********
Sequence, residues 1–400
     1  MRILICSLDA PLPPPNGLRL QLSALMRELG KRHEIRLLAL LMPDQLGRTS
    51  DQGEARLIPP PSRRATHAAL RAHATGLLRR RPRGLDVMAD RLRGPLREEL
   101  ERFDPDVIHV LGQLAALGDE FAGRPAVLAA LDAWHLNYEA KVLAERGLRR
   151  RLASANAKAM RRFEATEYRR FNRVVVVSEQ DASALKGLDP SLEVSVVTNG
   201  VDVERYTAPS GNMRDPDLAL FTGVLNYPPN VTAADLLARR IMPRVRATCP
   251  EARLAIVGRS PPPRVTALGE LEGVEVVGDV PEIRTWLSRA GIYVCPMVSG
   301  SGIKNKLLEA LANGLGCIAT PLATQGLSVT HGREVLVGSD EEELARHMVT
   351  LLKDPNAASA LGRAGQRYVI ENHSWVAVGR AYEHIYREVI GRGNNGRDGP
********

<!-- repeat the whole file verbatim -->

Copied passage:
Sequence, residues 1–400
     1  MRILICSLDA PLPPPNGLRL QLSALMRELG KRHEIRLLAL LMPDQLGRTS
    51  DQGEARLIPP PSRRATHAAL RAHATGLLRR RPRGLDVMAD RLRGPLREEL
   101  ERFDPDVIHV LGQLAALGDE FAGRPAVLAA LDAWHLNYEA KVLAERGLRR
   151  RLASANAKAM RRFEATEYRR FNRVVVVSEQ DASALKGLDP SLEVSVVTNG
   201  VDVERYTAPS GNMRDPDLAL FTGVLNYPPN VTAADLLARR IMPRVRATCP
   251  EARLAIVGRS PPPRVTALGE LEGVEVVGDV PEIRTWLSRA GIYVCPMVSG
   301  SGIKNKLLEA LANGLGCIAT PLATQGLSVT HGREVLVGSD EEELARHMVT
   351  LLKDPNAASA LGRAGQRYVI ENHSWVAVGR AYEHIYREVI GRGNNGRDGP